The new Ministry of Offence
As Tony Blair, Jack Straw and others were swearing that war with Iraq could not possibly have anything to do with oil, the government published a document in February 2003, just weeks before the invasion began, showing how concerned it is with securing foreign energy supplies. The document is the Department of Trade and Industry’s white paper called Our energy future – Creating a low carbon economy. Tony Blair’s foreword to the document notes that Britain faces ‘new challenges’ and that ‘our energy supplies will increasingly depend on imported gas and oil from Europe and beyond’. The document then outlines the central dilemma that ‘as a country we have been a net exporter of energy . . . but this will change.’ Britain, it says, is set to become a net importer of gas by around 2006 and of oil by around 2010.
One solution emphasised strongly in the report is to diversify sources of energy and ‘avoid the UK being reliant on too few international sources of oil and gas’. The key gas-supplying countries and regions will be Russia, the Middle East, North and West Africa, and the Caspian Sea region. For oil, which accounts for 40 per cent of global energy consumption, the major producers will be Saudi Arabia, other Gulf states, South and Central America, Africa, Russia and the Caspian region. Of particular importance to ensuring diversity of oil sources, the report notes, are non-OPEC suppliers such as Russia, the Caspian region and West Africa. Therefore, ‘we will continue to promote good relations with existing and new suppliers in the Middle East, Russia, the Caspian and Africa’. ‘Our aims are to maintain strong relations with exporting countries’ while ‘in promoting diversity we will also work to minimise the risk of disruption to supplies from regional disputes’.
In December 2003 the government produced another extraordinary public document, this time outlining its military strategy. It counts as one of the most worrying pieces of government literature I have ever seen, even including the declassified files. Nine months after the invasion of Iraq, the New Labour government delivered a very clear message: from now on, it will be more of the same. The document is a Defence white paper, entitled Delivering security in a changing world – a formulation worthy of Orwell. It surpasses the military strategy outlined in the government’s Strategic Defence Review (SDR) produced in 1998, which stated that the priority in future will be ‘force projection’ and that ‘in the post cold war world we must be prepared to go to the crisis rather than have the crisis come to us’. This involved plans to buy two larger aircraft carriers ‘to power more flexibly [sic] around the world’. Other new weapons systems would be a new generation of attack helicopters, submarines equipped with cruise missiles, and fighter and bomber aircraft. A new chapter added to the SDR in July 2002 noted ‘the emphasis on expeditionary operations’, and the need for ‘rapidly deployable intervention forces’ and ‘force projection and strike capabilities’.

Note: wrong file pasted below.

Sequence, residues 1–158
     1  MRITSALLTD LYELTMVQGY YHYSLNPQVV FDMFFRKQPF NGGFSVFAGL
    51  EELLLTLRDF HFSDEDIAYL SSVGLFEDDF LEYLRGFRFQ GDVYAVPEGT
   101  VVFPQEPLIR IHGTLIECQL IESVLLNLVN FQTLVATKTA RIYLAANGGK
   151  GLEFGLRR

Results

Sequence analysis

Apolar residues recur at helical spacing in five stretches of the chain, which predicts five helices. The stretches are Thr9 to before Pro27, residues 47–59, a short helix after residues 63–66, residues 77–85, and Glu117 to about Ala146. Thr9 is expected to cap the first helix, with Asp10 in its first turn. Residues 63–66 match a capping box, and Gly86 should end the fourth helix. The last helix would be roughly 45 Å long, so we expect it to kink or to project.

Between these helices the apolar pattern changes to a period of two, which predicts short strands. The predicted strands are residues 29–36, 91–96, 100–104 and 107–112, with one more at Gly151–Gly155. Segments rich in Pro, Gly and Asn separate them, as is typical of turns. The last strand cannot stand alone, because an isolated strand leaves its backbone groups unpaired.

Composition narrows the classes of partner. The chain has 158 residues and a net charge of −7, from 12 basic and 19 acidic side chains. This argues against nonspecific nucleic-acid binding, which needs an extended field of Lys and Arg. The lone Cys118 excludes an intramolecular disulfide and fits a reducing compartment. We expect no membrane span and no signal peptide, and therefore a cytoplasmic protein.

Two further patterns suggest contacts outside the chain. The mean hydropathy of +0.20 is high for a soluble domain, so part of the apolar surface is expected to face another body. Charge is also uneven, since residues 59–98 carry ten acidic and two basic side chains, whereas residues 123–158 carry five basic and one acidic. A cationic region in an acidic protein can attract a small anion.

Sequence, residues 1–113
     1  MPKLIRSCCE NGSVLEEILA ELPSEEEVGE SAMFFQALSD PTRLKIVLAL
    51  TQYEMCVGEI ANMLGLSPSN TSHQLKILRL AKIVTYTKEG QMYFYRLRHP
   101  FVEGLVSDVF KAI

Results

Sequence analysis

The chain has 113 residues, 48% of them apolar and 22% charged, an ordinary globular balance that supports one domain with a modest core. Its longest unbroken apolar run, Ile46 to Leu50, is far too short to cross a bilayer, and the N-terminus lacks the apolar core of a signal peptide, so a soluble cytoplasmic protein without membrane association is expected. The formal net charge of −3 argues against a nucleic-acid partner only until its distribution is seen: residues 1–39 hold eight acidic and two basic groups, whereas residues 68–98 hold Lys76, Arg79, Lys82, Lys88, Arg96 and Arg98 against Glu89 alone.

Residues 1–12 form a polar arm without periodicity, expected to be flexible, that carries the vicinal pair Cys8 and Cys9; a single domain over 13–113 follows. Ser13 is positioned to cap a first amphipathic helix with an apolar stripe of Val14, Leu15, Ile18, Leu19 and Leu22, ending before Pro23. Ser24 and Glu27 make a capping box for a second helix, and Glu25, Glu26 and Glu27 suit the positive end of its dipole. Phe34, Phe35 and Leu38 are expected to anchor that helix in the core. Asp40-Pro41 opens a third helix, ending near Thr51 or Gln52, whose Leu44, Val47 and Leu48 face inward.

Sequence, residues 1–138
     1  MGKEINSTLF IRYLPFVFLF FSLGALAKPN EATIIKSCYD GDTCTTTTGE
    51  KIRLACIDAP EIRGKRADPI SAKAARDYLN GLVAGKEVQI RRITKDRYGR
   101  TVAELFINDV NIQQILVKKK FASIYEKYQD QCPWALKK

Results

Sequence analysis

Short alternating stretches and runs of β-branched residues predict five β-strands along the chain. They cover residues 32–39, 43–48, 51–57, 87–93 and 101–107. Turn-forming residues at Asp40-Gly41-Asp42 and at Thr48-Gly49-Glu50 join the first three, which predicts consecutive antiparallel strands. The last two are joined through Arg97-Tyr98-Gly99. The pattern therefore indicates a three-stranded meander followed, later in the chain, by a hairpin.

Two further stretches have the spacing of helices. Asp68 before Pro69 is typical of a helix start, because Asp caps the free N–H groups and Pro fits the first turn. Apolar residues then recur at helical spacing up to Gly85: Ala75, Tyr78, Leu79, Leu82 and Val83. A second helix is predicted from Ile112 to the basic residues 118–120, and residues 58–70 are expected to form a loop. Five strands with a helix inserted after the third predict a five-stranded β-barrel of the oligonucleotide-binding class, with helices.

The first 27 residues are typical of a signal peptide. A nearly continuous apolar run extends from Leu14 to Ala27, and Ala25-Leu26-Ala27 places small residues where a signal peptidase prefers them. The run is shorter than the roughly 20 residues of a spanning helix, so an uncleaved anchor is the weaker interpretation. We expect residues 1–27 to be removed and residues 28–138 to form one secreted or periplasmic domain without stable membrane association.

The latest document, the December 2003 white paper, says that British intervention capability needs to go beyond even that envisaged in these two earlier documents. It states that ‘we must extend our ability to project force further afield than the SDR envisaged’ including in ‘crises occurring across sub-Saharan Africa and South Asia’ and arising from ‘the wider threat from international terrorism’. ‘The threat from international terrorism’, it notes, ‘now requires the capability to deliver a military response globally’. It calls for the British military to conduct ‘expeditionary operations’ while ‘rapidly deployable forces’ are needed for ‘a range of environments across the world’. The forces needed include cruise missiles which ‘offer a versatile capability for projecting land and air power ashore’, and two new aircraft carriers and combat aircraft which will ‘offer a step increase in our ability to project air power from the sea’.
It was Britain not the US that first committed itself to the strategy that is mislabelled ‘pre-emption’. A better description would be ‘preventive’: it means that military force will be undertaken not in response to an imminent threat, but before a threat materialises. The first is a kind of self-defence; the ‘threat’ posited in the latter is open to interpretation and can easily be used to justify offence, as in the invasion of Iraq.
Indeed, these documents amount to a reconfiguration of British military strategy to an overt focus on offensive operations; Britain now has a Ministry of Offence. ‘Defence’ was always a misnomer intended largely for public relations: Britain has always had a strong intervention capability and has conducted numerous offensive operations which have had nothing to do with defending Britain or the interests of the public. But now this is barely even being hidden. Geoff Hoon has said that ‘long experience indicates that a wholly defensive posture will not be enough’; the key ‘is to take the fight to the terrorist’. This ‘terrorist’ threat is the cover for greater and more frequent interventions. While the media have been sidetracked by issues such as who named David Kelly when and at what meeting, the Defence Secretary has been pushing ahead with plans for a new ‘expeditionary strategy’ that envisages more Iraqs all over the world. Presumably, only the current humiliation in Iraq, together with public opposition, is holding the Blair cabal back.
Friendly terrorists: New Labour’s key allies